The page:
BIFF 2018: Review of “Vanishing Days”

Vanishing Days

A film by Zhu Xin

A daughter and her mother sit listlessly in a small room in a nondescript city apartment building. We hear conversations but they are obviously not important to young Li Senlin. then the father announces that he is going on a business trip. Something about his voice tells Senlin that she should worry about him. Perhaps it’s the unpredictability of the weather, which will soon become monsoon season. She puts on her roller skatesand follows him out on to the street calling after him. She follows him to a public water fountain, then suddenly falls down, disappearing from the screen.


That’s the opening sequence of the film, and it tells us that what we see is less important than what we don’t see. Things become more strange when Aunt Quiqui makes an unplanned visit to Hangzhou. She tells a story about a time when she travelled to an island with her husband Bo and she experienced strange events. This is when the film’s plot becomes less concerned with what happened and looks at what might have happened. The present events are related to the past that the Aunt relates to Senlin. When she finds that her turtle has gone missing, another scene shows a boy and his father in a cave where they find strange inscriptions on the wall.One of the boys holds up a turtle shell? Could it be the same turtle that Senlin couldn’t find in the apartment?

The director has said of the film that he loves to use water, because it has “such a painterly element.” He is right about that. The thing about water is that it’s rarely still. It’s often opaque and you can’t pin it down. This is to say that the film is also hard to explain. IF you come to this film expecting some clear answers, you will walk away disappointed. We never see the murder that is explicitly mentioned, only the mundane details that are passed between neighbours.

When we are children, we are at the whims of adults. Young Senlin would love to be somewhere with her father, but instead she has to stay inside with her mother. Her freedom is limited further by eating food she doesn’t enjoy, and even her chopstick use is sanctioned All she can do is write her essay, which describes a dangerous journey by air. They are told intermittently though subtitles and explain the events of a trip by air balloon which is threatened by bad weather.

Much of the surroundings are mundane, precisely because for a child, the things that you can see around you are on the whole, terribly bland and nondescript. Even the murder is no more or less interesting than what the characters eat for dinner.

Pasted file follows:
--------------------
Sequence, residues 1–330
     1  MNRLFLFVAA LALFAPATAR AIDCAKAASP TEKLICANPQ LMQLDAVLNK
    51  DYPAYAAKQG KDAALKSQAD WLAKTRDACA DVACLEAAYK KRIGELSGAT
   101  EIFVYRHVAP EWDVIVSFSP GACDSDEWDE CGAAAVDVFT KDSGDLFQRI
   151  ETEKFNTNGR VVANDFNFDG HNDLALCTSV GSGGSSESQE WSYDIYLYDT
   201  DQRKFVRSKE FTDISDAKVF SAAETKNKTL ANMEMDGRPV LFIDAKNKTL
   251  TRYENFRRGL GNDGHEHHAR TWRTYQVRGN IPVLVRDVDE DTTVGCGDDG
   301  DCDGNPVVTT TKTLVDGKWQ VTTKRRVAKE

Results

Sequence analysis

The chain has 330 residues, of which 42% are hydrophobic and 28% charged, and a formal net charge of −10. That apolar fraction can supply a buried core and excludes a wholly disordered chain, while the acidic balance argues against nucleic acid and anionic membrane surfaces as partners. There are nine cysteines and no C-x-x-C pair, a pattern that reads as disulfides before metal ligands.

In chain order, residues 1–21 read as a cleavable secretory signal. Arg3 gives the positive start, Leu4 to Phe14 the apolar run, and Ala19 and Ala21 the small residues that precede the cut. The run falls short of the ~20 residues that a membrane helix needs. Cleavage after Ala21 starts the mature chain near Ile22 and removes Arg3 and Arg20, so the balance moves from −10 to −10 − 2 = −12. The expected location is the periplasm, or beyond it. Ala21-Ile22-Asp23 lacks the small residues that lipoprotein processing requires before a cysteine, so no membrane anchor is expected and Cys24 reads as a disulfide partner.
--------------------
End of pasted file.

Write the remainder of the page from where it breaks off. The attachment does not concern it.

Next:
I had questions about the film which I couldn’t answer. The film had no ending, perhaps because there are no real endings in life either. It’s not perfect and I wish the film had been more clearly worked out so we could get a firmer sense of resolution for Senlin.

Zhu Xin made this film when he was 21, after learning to make films at advertising school. I can see the young director using these themes of disappearance, confusion and really creating a powerful cinematic style. For now he can be proud of a confident first film and a cast dedicated to making his visions come to life on screen.

Film review: Leto (Summer)

A struggling punk rock band in communist Russia make music about their experiences and reach musical success.

The band are from Russia, where punk is seen as a serious threat to the values of comradeship and socialist order. But that is not really the purpose of this film, as it deals more with the basic concerns of an aspiring rock band.

Lead singer Mike has the Johnny Rotten sneer down to a T but the band are struggling to be taken seriously. He’s married with a kid and still living in an upstairs apartment where the band try to practice their songs (when they aren’t being shouted at by the neighbours).

Things change for them when they are approached by two younger musicians the beach after playing a concert. Viktor, a Korean-Russian (although his heritage is not really commented on) really likes the band and offers to join them.

It’s touching the way they play together and how the more experienced musicians help nurture Viktor’s talent.